I have read and enjoyed many books offering first hand accounts of the creative process of writers, the jumbled desks of writers, and the how-to-do-it tips of writers.
Add to this now Carolina Writers at Home, a terrific book of essays by Southern writers. Edited by Meg Reid, it is a veritable grab bag of delights. There are authors featured from both North and South Carolina and the text is enhanced with evocative, sepia-toned photos by Rob McDonald. As I have deep connections to North Carolina — my father was born and raised in Greensboro — I am especially fond of this book.
There are twenty-five essays here about homes from the Coast to the Mountains to the Piedmont. I took my time and read one each morning over several weeks. I savored them and found it was a happy way to begin my day.
The authors were given free rein and could write about any aspect of home that was important to them: space, possessions, time to write, wildlife, views, pets, gardens. It didn't matter just as long as it was what interested them.
Jill McCorkle's bookshelf - I couldn't resist taking a photo to show you
Some of the writers I was familiar with: Clyde Edgerton, Nikky Finney, Jill McCorkle. Some were new to me and I was happy to meet them.
George Singleton writes about moving from the home he had lived in for thirty-three years.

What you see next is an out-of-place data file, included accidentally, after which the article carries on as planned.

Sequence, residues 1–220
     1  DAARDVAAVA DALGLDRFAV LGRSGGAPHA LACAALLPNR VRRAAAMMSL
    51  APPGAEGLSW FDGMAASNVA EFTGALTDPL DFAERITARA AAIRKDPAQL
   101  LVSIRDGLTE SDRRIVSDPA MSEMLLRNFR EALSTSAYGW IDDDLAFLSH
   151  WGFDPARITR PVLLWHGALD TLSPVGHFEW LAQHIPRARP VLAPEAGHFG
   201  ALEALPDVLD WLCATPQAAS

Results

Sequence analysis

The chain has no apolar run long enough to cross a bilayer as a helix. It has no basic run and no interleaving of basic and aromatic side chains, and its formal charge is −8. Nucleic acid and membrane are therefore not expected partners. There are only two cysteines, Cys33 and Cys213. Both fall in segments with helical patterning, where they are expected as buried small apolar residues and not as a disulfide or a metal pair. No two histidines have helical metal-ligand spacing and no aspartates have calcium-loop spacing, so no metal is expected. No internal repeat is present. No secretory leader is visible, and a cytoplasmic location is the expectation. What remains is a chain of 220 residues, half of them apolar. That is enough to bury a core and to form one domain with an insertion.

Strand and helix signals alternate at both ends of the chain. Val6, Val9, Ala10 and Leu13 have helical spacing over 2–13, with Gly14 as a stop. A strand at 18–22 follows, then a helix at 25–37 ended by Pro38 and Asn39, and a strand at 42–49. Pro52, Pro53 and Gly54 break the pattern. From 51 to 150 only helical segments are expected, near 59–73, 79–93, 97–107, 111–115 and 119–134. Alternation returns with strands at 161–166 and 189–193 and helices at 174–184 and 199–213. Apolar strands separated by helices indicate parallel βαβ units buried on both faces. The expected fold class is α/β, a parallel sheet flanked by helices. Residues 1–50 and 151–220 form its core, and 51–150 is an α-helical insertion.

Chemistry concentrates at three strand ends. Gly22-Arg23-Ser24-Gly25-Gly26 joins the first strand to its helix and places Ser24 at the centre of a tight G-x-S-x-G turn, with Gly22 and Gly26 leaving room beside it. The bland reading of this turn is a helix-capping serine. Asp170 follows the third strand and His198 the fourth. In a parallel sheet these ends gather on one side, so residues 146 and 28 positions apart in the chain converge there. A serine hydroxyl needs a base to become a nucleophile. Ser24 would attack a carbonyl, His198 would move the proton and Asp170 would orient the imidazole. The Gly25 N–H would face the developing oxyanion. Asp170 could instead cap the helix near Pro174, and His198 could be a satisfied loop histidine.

Kathryn Stripling Byer mourns the loss of a magnificent oak tree that once graced her yard. The only memento left now is its stump.
Daniel Wallace shares on his 'ark of things' from a small wooden cricket catcher to his collection of glass eyes. (Strangest collection ever? How does one start amassing those odd objects?)
Oh, these are grand musings by wonderful writers about a place dear to their heart. There is not a bad one in the bunch. I was lucky enough to have been given the hardback edition (best choice) but the book also is available in paperback.
When the outside world is topsy-turvy, it is good to be reminded how important it is to have a comfortable, safe place to come home to.
I think I'd like this book. My library doesn't have it, so I've put it on my Wish List. I love personal essays.ReplyDelete
Oh, Amazon had a hardbound copy for $11.38, so I just bought it!ReplyDelete
How exciting, Joan. I am glad your will have your own copy! I think you will enjoy it. It is such a peaceful read. Let me know.Delete
I haven't started reading it yet, but it's lovely just for the photographs. I'll dip into it this weekend.Delete
Joan, at first the photos didn't appeal to me - I wanted crisper images - but then I came to love their humid, twilight look.Delete
Sounds delightful! I'm eternally nosy about other people's lives/homes/writing processes. Will look this one up.ReplyDelete
Yes, Kathy, it is always a treat to see where other people - especially writers! - live and work. Here's your chance to sneak a peek!Delete
Oh, and my aunt and uncle live in Greensboro!ReplyDelete
Another sisters-separated-at-birth coincidence! Greensboro has really grown and changed from the time I spent summers there with grandparents, aunts, and cousins. I was just there last December and my brother and I visited the home where our dad grew up. A very nice family occupying it now. That made us feel good!Delete